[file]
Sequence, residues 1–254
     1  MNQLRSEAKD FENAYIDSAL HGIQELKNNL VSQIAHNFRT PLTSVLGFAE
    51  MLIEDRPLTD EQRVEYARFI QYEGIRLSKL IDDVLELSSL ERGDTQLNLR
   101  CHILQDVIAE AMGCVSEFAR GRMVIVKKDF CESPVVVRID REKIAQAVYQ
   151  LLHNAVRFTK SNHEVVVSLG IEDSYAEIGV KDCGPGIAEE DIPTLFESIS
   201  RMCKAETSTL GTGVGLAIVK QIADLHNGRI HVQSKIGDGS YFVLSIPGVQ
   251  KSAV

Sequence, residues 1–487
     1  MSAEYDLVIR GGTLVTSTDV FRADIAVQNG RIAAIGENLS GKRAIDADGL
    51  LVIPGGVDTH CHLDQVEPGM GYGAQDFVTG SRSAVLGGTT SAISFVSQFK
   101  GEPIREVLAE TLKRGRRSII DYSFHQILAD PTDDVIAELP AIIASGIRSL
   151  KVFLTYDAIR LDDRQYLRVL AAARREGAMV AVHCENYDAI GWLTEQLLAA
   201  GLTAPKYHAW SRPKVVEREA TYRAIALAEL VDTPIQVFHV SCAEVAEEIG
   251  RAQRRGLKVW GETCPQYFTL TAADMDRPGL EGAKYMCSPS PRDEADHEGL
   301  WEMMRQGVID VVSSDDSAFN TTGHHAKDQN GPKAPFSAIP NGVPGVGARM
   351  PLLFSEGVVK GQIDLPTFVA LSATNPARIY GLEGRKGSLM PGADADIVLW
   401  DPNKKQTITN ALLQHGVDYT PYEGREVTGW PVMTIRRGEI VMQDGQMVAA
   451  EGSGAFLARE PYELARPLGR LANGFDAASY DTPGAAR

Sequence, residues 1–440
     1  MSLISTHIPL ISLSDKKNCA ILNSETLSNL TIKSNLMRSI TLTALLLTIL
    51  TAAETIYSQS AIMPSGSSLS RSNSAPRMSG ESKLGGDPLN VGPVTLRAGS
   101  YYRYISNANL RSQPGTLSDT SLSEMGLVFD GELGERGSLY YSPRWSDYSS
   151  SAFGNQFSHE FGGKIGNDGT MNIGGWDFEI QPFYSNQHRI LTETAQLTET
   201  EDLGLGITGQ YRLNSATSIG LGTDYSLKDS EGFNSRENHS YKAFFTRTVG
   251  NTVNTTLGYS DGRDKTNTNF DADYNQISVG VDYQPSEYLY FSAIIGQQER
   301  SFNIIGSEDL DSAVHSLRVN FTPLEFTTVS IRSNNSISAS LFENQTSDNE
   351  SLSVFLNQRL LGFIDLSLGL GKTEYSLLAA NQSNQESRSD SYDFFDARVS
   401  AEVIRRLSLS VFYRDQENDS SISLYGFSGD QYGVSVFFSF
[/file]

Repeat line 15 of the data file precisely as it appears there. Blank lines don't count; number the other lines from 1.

   301  WEMMRQGVID VVSSDDSAFN TTGHHAKDQN GPKAPFSAIP NGVPGVGARM